UC Merced

UC Merced students look at how culture affects health

Marisol Chavez was used to seeing pregnant Latina teens in her classrooms when she was attending high school in Cantua Creek, a small Fresno County town.

Latina teens continue to have higher pregnancy rates compared to teen girls from other ethnicities, the soon-to-be senior at UC Merced said.

The 21-year-old was one of few from her high school who made it to college. Chavez now wants to help give other Latinas the opportunity to attend college by bringing the pregnancy rates down through research she’s conducting at UC Merced.

Chavez is among several undergraduate students at the university conducting research on various health topics that are relevant to the San Joaquin Valley.

The main goal of her research is to help health educators improve their performance when assisting a Latina teen. “For them to be more aware of Latinas’ backgrounds,” she said.

As part of her research, Chavez has created the character of a Latina patient who is sexually active, is having unprotected sex and has chlamydia. She played the character with a health educator, and the visit was recorded.

Twelve volunteers viewed the video to rate Chavez’s performance on how believable her character was. The next step will be for her to go undercover. “I need to be very believable that I’m a teen in order for me to assess the health educator, and this way it’s going to help the health educator (because) it’s going to help them understand a Latina culturally,” she said. “I’m going to go undercover and assess a health educator and see how effective their interaction is with a Latina and how well they assess my risk.”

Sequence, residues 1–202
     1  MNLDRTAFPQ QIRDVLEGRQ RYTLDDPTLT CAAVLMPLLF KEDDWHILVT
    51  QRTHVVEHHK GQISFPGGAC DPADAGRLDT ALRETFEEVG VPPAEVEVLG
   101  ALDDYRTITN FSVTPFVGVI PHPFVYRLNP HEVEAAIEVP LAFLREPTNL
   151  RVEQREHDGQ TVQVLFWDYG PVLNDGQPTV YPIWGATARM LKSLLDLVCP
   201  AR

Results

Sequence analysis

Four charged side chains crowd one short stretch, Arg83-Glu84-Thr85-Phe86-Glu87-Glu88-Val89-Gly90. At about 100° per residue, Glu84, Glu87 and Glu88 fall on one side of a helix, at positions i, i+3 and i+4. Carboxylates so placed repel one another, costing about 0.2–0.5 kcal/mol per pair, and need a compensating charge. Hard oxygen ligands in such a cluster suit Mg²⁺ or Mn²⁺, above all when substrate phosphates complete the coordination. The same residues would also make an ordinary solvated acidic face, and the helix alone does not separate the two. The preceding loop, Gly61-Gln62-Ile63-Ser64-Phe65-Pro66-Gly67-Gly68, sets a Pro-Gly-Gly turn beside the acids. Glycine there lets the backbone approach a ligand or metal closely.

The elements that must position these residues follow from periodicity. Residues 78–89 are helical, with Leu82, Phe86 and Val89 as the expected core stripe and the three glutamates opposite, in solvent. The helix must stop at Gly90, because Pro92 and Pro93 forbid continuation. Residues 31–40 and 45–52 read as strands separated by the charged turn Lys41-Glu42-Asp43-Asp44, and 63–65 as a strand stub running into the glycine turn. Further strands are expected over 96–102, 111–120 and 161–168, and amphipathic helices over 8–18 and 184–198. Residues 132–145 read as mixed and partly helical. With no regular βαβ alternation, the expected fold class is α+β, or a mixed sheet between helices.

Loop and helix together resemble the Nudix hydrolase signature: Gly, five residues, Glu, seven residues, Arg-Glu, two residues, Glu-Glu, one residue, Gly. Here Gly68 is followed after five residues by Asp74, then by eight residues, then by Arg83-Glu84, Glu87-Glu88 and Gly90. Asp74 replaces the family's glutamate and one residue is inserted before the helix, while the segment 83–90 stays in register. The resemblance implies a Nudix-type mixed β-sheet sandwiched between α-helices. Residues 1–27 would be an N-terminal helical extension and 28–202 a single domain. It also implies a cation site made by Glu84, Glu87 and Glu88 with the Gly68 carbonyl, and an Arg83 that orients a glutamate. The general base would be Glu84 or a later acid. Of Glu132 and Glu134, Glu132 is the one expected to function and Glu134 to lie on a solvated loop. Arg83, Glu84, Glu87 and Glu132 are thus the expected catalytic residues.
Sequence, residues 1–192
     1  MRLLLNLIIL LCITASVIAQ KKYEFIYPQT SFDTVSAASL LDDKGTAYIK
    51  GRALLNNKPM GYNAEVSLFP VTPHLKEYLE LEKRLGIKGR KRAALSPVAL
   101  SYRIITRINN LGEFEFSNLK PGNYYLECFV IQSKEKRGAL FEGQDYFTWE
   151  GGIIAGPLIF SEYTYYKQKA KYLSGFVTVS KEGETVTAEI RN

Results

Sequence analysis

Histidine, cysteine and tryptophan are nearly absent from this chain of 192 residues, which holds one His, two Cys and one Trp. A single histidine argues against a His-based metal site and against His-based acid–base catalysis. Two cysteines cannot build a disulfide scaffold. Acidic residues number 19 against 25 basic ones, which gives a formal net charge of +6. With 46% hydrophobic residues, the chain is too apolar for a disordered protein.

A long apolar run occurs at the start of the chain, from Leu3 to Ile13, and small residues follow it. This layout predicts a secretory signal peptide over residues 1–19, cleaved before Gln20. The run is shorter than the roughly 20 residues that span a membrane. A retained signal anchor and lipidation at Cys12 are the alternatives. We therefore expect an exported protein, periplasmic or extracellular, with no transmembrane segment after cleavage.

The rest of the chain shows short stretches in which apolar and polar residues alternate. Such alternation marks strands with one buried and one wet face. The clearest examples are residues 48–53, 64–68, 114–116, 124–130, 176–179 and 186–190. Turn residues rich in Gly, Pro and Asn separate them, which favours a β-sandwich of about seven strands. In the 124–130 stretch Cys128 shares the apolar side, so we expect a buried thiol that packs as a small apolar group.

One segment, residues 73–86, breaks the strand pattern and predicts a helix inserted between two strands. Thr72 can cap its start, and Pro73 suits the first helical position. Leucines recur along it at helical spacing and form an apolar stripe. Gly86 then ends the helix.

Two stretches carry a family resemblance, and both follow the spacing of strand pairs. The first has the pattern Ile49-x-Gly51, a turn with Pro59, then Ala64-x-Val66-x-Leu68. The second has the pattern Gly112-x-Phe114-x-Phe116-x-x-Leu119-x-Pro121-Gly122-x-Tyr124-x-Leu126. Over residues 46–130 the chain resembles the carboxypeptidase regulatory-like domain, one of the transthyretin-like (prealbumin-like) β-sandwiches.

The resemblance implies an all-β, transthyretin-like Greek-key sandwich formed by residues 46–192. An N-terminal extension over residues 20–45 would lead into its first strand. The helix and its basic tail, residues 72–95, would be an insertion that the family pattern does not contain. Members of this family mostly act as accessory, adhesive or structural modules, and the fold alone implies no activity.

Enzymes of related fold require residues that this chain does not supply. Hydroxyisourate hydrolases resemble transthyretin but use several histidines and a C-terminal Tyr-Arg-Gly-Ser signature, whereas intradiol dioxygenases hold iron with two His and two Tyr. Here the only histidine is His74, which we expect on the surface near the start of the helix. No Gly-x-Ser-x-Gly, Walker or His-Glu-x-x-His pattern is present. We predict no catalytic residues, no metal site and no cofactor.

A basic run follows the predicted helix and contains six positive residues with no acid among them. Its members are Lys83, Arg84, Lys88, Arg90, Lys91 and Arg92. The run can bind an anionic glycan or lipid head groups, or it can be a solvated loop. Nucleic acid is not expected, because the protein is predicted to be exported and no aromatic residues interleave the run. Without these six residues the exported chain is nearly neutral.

Feedback on improvements will be shared with health educators, she said.

Chavez used community resources and literature reviews while creating her character to get a better understanding of the barriers Latinas experience. “Most of them are (culture) and family because parents don’t communicate with their teens about practicing safer sex because they don’t believe in it,” she said. “They don’t believe that you’re supposed to be having sex in the first place. They don’t believe that you’re supposed to be using contraceptive methods, or having abortions — it’s not something that’s acceptable in the Latino community.”

Chavez believes that’s the biggest contributing factor in the high pregnancy rates among Latinas. “I feel like that’s a really strong barrier,” she said. “We want their teens to be practicing safer sex, if they are practicing sex, to lower the pregnancy rates.”

Pregnancies also lower the chances of Latinas attending college. Chavez hopes the outcome of her research will result in less sexually-transmitted disease and fewer teen pregnancies. “If that goes down, I really hope that their education goes up,” she said.

Other students at UC Merced are also looking at how culture affects health. Bouapanh Lor, who will be a senior in the fall, is conducting research on Hmong cultural practices, traditions and beliefs to prevent morbidity and mortality.

Through her research, she hopes to identify practices or traditions that Hmong have used in the past that helped prevent diseases. Determining what those practices are can also help build more trust toward Western medicine among the Hmong community, she said. “It’s been very hard for them to adapt here,” she said.

Lor chose that topic so her research might have an effect in the local community.

Reporter Yesenia Amaro can be reached at (209) 385-2482, or yamaro@mercedsun-star.com.

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